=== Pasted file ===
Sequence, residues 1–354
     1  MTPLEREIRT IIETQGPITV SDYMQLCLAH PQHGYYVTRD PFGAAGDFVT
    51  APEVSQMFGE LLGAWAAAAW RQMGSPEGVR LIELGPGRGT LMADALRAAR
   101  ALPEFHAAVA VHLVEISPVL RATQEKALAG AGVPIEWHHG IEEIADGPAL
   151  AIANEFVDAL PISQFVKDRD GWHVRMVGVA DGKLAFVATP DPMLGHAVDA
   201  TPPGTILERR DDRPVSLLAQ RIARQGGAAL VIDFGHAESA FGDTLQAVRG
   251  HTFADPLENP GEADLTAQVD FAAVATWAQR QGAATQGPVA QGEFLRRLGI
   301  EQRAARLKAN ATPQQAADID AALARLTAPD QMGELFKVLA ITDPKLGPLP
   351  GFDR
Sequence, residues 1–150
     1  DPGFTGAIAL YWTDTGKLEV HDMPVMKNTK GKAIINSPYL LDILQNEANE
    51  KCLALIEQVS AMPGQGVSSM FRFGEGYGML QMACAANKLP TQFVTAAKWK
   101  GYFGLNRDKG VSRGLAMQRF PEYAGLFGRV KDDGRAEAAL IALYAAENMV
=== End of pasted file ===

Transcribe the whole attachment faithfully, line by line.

Sequence, residues 1–354
     1  MTPLEREIRT IIETQGPITV SDYMQLCLAH PQHGYYVTRD PFGAAGDFVT
    51  APEVSQMFGE LLGAWAAAAW RQMGSPEGVR LIELGPGRGT LMADALRAAR
   101  ALPEFHAAVA VHLVEISPVL RATQEKALAG AGVPIEWHHG IEEIADGPAL
   151  AIANEFVDAL PISQFVKDRD GWHVRMVGVA DGKLAFVATP DPMLGHAVDA
   201  TPPGTILERR DDRPVSLLAQ RIARQGGAAL VIDFGHAESA FGDTLQAVRG
   251  HTFADPLENP GEADLTAQVD FAAVATWAQR QGAATQGPVA QGEFLRRLGI
   301  EQRAARLKAN ATPQQAADID AALARLTAPD QMGELFKVLA ITDPKLGPLP
   351  GFDR
Sequence, residues 1–150
     1  DPGFTGAIAL YWTDTGKLEV HDMPVMKNTK GKAIINSPYL LDILQNEANE
    51  KCLALIEQVS AMPGQGVSSM FRFGEGYGML QMACAANKLP TQFVTAAKWK
   101  GYFGLNRDKG VSRGLAMQRF PEYAGLFGRV KDDGRAEAAL IALYAAENMV